July was a mostly positive month for investors. For the equity investor all the US-focused indexes we follow were up more that 1% each. The bond investor saw its index, the Aggregate Bond Index, move higher as well. The dollar reversed its June losses with a strong month. The two losers were commodities and global equities.
U.S. & International Stock Index Returns
|Index July 2019 Year-to-Date|
|Dow Industrials 1.13% 15.16%|
|S&P 500 1.54% 18.89%|
|S&P 400 (Midcap) 1.27% 18.26%|
|S&P 600 (Small Cap) 1.20% 14.02%|
|MSCI World 0.49% 16.12%|
|MSCI EAFE (1.46%) 10.31%|
|Bloomberg Agg. Bond 6.35%|
|CRB Commodity Index 5.14%|
|US Dollar Index 2.84%|
All data as of 07/31/2019, Source: Wells Fargo Investment Institute. [Wells Fargo Investment Institute, Inc. is a registered investment advisor and wholly-owned subsidiary of Wells Fargo Bank, N.A., a bank affiliate of Wells Fargo & Company.]
US stock indexes continue to outperform expectations, as well as seasonal tendencies, with all four indexes positive for the month of July. Both the S&P 500 and Dow Industrials were not just positive, but recorded new all-time highs. Global equities, on the other hand, were down on concerns related to trade and global growth. While things are good – very good – for domestic equities, we must take note that we see the recent gains as more of a reflection on the belief that interest rate cuts will be a positive factor than a belief that corporate earnings growth can carry stocks higher.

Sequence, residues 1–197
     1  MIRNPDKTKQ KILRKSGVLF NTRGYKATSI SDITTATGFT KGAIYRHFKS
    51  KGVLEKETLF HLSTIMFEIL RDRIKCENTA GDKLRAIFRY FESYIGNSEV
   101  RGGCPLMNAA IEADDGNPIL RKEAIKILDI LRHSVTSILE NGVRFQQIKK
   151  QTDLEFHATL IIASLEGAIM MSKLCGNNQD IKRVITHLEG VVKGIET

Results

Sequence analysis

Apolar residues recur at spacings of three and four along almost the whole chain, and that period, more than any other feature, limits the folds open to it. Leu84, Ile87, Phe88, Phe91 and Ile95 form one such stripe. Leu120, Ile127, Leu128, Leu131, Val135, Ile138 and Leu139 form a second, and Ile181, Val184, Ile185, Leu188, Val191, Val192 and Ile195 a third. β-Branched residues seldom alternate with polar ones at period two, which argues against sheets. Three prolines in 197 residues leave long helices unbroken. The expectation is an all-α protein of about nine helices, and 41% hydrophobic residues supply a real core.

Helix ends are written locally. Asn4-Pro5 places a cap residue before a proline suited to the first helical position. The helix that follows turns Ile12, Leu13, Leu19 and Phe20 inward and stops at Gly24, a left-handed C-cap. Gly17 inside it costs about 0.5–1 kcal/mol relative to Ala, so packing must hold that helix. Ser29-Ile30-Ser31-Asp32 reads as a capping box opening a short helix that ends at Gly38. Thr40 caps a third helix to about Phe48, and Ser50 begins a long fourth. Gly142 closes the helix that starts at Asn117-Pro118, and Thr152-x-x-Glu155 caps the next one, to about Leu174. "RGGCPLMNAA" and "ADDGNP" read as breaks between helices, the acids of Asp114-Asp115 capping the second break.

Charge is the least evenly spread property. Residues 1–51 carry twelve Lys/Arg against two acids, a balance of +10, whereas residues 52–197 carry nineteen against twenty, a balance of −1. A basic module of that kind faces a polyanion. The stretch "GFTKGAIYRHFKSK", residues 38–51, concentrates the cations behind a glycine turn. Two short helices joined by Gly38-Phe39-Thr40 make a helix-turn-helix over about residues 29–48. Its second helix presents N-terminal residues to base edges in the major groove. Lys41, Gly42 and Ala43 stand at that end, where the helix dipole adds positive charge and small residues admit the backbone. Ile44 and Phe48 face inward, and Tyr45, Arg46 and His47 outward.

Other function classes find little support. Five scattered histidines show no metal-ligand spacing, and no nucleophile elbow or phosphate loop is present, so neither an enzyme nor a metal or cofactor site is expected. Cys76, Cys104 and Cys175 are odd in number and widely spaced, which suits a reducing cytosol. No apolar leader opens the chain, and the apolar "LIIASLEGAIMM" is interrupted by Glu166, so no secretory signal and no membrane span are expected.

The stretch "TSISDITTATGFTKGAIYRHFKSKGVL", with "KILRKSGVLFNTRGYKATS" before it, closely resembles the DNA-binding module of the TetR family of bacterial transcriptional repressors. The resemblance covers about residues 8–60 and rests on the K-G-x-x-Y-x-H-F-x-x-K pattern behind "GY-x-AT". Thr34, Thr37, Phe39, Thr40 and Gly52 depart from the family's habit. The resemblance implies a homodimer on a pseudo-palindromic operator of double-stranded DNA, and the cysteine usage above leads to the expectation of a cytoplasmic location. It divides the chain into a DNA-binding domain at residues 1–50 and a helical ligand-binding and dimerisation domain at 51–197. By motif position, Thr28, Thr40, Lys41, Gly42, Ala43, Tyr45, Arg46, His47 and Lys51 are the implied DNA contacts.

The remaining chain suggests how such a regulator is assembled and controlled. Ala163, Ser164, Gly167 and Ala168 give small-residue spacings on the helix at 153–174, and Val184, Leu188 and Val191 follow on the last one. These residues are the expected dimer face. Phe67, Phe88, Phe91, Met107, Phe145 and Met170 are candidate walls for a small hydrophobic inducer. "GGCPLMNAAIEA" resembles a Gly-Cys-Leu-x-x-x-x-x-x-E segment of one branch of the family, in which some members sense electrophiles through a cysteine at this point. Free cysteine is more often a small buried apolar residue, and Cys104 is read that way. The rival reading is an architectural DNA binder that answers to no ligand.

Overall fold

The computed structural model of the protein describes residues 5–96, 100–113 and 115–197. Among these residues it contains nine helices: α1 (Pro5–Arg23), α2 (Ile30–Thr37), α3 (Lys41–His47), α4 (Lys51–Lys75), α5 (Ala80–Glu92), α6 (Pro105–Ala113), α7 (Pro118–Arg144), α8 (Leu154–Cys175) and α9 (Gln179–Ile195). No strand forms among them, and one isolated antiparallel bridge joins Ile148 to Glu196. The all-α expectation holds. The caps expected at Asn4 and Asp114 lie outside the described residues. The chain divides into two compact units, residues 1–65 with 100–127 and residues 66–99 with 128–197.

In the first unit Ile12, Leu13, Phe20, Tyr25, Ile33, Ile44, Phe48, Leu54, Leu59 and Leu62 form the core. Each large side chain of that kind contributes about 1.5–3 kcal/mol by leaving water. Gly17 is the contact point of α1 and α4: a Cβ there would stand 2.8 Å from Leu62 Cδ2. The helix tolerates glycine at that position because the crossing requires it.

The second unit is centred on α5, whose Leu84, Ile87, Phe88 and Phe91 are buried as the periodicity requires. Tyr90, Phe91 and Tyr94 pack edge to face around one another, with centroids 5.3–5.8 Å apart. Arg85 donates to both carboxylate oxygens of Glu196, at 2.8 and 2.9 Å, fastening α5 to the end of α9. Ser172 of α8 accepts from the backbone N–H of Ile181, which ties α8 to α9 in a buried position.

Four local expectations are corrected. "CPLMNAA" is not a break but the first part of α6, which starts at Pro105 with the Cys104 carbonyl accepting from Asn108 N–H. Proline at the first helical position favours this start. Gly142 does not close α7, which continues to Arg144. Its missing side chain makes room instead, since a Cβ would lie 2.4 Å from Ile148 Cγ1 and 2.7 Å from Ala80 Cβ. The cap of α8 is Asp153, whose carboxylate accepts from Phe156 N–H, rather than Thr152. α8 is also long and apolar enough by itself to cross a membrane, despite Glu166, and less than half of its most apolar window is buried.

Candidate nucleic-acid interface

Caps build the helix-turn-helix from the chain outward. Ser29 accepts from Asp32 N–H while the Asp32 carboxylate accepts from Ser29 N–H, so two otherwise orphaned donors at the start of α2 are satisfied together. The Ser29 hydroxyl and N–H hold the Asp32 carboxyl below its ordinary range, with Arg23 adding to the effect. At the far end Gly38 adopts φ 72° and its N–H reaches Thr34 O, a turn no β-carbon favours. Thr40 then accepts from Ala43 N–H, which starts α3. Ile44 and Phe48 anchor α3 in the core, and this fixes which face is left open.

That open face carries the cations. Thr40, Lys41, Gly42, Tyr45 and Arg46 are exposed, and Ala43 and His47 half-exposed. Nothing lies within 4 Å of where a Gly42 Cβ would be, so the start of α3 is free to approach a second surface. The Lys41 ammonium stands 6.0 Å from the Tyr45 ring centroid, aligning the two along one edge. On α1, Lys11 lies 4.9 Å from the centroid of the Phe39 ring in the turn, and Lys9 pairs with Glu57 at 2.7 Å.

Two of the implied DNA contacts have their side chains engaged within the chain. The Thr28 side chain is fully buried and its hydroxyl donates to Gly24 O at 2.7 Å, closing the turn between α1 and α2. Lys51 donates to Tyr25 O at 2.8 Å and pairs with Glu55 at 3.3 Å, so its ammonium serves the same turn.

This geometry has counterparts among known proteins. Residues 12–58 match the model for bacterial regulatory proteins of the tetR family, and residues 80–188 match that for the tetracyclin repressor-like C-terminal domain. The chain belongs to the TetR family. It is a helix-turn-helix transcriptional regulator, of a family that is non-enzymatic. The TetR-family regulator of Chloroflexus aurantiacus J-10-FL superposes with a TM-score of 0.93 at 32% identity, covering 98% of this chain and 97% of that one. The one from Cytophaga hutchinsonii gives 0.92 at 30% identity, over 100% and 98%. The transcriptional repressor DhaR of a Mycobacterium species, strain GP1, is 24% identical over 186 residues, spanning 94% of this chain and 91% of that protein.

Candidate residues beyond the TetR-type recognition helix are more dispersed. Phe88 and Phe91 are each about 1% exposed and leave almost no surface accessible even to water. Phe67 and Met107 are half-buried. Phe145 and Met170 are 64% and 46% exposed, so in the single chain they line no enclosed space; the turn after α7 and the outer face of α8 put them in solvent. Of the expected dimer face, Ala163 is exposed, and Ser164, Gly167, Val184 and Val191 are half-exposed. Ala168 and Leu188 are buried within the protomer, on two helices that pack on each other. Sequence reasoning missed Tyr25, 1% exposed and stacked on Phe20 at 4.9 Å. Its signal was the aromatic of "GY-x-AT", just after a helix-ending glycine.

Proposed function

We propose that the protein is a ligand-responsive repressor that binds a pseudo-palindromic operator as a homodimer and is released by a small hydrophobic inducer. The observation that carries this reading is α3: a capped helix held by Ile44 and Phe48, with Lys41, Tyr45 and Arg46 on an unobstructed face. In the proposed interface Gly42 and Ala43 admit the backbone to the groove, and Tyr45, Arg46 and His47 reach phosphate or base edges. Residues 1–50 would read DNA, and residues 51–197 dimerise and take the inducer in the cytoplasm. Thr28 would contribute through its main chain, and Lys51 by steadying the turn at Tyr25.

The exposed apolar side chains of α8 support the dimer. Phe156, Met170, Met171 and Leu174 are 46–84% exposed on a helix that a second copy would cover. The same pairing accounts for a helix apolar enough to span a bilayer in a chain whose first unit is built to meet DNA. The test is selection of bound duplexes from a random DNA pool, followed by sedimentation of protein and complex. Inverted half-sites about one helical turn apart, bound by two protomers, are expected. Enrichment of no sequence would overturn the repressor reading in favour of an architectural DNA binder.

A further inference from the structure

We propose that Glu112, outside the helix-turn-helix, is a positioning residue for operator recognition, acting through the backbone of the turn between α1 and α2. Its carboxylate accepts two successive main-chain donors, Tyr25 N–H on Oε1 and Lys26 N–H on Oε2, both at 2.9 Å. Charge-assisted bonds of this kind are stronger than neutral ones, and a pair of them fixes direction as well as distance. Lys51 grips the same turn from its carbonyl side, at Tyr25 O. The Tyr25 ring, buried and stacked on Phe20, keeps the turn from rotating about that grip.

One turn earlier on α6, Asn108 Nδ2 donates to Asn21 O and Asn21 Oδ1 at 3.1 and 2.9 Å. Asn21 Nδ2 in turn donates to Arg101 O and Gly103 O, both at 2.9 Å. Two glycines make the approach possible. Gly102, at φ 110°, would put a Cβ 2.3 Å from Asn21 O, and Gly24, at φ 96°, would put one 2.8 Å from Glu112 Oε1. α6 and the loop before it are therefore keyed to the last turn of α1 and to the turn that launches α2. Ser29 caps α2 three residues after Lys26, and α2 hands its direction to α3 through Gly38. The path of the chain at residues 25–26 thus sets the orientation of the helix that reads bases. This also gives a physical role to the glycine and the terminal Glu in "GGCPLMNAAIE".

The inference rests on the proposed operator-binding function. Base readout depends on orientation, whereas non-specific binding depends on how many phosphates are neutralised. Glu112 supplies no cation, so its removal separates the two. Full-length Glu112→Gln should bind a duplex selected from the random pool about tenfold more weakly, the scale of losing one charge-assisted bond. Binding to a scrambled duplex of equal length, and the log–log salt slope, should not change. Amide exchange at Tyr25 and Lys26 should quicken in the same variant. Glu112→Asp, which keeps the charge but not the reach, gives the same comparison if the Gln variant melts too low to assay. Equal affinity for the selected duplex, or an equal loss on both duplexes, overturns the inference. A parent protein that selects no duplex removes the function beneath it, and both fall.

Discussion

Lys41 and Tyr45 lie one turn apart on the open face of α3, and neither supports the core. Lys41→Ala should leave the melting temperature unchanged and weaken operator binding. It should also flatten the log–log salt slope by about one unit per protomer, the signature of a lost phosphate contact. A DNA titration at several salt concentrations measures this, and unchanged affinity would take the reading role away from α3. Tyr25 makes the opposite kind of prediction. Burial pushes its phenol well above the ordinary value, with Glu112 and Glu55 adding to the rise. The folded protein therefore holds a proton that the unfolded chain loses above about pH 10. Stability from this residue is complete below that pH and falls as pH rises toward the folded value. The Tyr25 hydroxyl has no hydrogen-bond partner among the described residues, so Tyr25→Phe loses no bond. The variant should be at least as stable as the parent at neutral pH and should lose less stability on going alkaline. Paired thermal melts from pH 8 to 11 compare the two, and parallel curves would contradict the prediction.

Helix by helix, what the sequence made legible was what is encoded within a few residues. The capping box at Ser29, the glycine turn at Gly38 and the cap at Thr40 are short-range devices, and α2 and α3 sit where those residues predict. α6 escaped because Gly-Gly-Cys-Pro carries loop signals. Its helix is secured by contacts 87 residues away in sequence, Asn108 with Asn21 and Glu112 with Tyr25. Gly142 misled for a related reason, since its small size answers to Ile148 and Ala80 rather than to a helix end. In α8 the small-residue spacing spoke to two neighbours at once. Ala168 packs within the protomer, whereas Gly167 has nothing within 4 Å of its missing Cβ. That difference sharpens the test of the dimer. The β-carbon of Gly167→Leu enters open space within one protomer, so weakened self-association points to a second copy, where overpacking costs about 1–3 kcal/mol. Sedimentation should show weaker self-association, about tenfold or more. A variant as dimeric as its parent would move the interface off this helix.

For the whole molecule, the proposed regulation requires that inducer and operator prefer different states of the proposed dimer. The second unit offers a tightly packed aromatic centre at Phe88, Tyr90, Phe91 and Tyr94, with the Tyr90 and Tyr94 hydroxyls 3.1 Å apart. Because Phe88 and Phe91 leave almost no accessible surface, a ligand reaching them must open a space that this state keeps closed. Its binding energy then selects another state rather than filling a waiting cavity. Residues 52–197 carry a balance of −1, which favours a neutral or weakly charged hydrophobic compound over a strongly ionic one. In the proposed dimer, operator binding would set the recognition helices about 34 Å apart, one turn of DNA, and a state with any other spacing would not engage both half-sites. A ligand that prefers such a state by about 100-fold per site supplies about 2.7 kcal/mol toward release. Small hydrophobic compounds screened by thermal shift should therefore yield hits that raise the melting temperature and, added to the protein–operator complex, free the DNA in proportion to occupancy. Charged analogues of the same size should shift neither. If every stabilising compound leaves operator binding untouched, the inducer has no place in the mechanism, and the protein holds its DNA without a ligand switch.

The strength in bond prices, and drop in yields, continued on this month as the Bloomberg Barclay’s Aggregate Bond Index moved higher again this month. The short-term interest rate cut the market had been pricing in for the July 31th meeting of the Board of Governors of the Federal Reserve came in at 0.25%, not the 0.50% that many market observers had hoped for. The real concern for the market came with Chairman Powell’s comment that the cut should not be viewed as the start of a rate cut cycle, but instead as a “mid-cycle correction.”
The dollar index strengthened during the month of July, moving from the bottom end of its trading range to the top of its trading range, reversing what occurred in June. As we said last month – and most every month since the beginning of the trade dispute/tariff war with China in April, 2018 – we see this move as a reflection on the market’s perception of a resolution to the dispute. If trade talks do not produce a positive move forward, we would expect the dollar to continue to gain strength.
The price of commodities, as measured by the Reuters/Jefferies CRB Index, lost 1.48% in the month of July. That the loss in value coincides with the strength of the US Dollar is no coincidence. Strength in the dollar generally depresses the price of basic commodities. We say generally as individual commodities will act different from the basket due to specific supply/demand issues surrounding said commodity.
Gold is currently a good example of this phenomena. After a long period of trading within a price range the yellow metal’s price surged above the range in June. Because it is viewed as a store of value, in our June R report we suspected something bigger was happening. The unusual situation where both gold and the stock market move higher was not likely to continue for a new normal. The strength in gold has become more unusual in July as the dollar strengthened.
When it comes to the stock market, for most of 2019, Magellan Financial has been constructive on the stock market. We easily admit our bullishness comes with a healthy dose of skepticism about the sustainability of the 10-year equity bull market and longest official economic expansion in US history. Admittedly skepticism is in our DNA. Yet, if there were anytime to look at markets with a cynic’s eye, this far into a bull market would be the time.